Two-factor authentication is measurably one of the best ways to secure access to your data. Unfortunately a lot of people's experience is that it's inconvenient or just plain annoying. But it doesn't have to be. If done well it can be both more convenient and more secure than having to use a password. So what do you need to know and what is there to watch out for?
Today we're talking multi-factor authentication, also known as two-factor authentication, and 2-step verification. It's got a few names but what is it?
Well, essentially it's proving your identity in more than one way. The principle being that if one of these authentication factors is defeated, that's not enough to give access to your data. So your data should be secure if someone steals your password for example. It's not enough to just log in twice. These different authentication factors have to work in a fundamentally different way. So you can't just use a second password or a password in a pin; because passwords and pins both rely on the same thing - your memory. So if they have to work in different ways, what different factors are available for us to use? Well, here are some of the common ones.
- The first and one you'll definitely be familiar with is the knowledge factor: something you know. This could be a password or a pin code its something you've committed to memory.
- The second type of authentication factor is the possession factor: something you have. This could be a phone using a text message or an app. It could be a USB dongle that you plug in when prompted. It could be a smart card that you carry with you, or a key fob with numbers that you have to copy out. It's something you keep in your possession.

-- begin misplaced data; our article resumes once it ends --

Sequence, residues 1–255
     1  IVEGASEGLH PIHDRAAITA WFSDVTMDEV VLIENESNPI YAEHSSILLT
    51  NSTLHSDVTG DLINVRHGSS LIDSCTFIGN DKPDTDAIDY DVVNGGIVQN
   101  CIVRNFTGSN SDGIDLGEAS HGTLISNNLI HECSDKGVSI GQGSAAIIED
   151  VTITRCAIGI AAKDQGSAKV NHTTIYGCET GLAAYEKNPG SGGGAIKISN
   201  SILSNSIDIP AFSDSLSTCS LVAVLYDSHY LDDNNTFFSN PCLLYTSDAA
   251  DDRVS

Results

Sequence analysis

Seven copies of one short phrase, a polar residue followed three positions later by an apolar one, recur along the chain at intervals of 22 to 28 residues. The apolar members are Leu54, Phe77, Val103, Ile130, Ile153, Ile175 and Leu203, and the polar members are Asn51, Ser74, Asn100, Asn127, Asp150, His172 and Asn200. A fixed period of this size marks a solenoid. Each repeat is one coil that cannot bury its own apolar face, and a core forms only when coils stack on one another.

- The third authentication type is the inherent factor: something you are. This is basically biometrics, so that could be a fingerprint reader, it could be facial recognition, or iris recognition.
- The final authentication factor we'll talk about is the location factor: somewhere you are. This could be your office network, your GPS coordinates, or just a common location such as your home.
So why do we need two-factor authentication when we've already got passwords? Well... passwords are rubbish! I mean think about it, think about how a password actually works. You need to think of something so complicated that a computer account guess at it. That's a computer that can do a billion calculations a second. And you need to take this and store it in your brain. I mean that's not a clever security solution - that's obviously going to have problems! And it does. Passwords are vulnerable to cracking, guessing, losing them. If you use the same password in multiple websites and one website gets hacked they'll reuse that same password on all of your other accounts. It's just not a good solution, and we can do better.
One thing to be aware of is that not all authentication factors are created equal. To give you an example of that, let's look at some of Google stats for the possession factor. Remember, that's something you have. So let's have a look at how different "something you have"s fared against different types of attack.